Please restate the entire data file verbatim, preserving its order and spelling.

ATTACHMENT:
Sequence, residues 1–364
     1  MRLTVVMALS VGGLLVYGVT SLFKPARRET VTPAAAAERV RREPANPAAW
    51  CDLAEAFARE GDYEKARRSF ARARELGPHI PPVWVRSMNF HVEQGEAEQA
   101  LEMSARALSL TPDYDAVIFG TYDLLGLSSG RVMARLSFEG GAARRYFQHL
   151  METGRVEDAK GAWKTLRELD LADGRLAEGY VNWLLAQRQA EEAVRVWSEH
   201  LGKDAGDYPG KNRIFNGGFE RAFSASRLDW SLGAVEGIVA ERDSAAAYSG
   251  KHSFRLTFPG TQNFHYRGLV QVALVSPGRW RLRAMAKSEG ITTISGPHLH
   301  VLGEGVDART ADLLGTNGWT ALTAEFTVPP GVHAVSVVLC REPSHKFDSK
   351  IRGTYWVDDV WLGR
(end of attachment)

Sequence, residues 1–364
     1  MRLTVVMALS VGGLLVYGVT SLFKPARRET VTPAAAAERV RREPANPAAW
    51  CDLAEAFARE GDYEKARRSF ARARELGPHI PPVWVRSMNF HVEQGEAEQA
   101  LEMSARALSL TPDYDAVIFG TYDLLGLSSG RVMARLSFEG GAARRYFQHL
   151  METGRVEDAK GAWKTLRELD LADGRLAEGY VNWLLAQRQA EEAVRVWSEH
   201  LGKDAGDYPG KNRIFNGGFE RAFSASRLDW SLGAVEGIVA ERDSAAAYSG
   251  KHSFRLTFPG TQNFHYRGLV QVALVSPGRW RLRAMAKSEG ITTISGPHLH
   301  VLGEGVDART ADLLGTNGWT ALTAEFTVPP GVHAVSVVLC REPSHKFDSK
   351  IRGTYWVDDV WLGR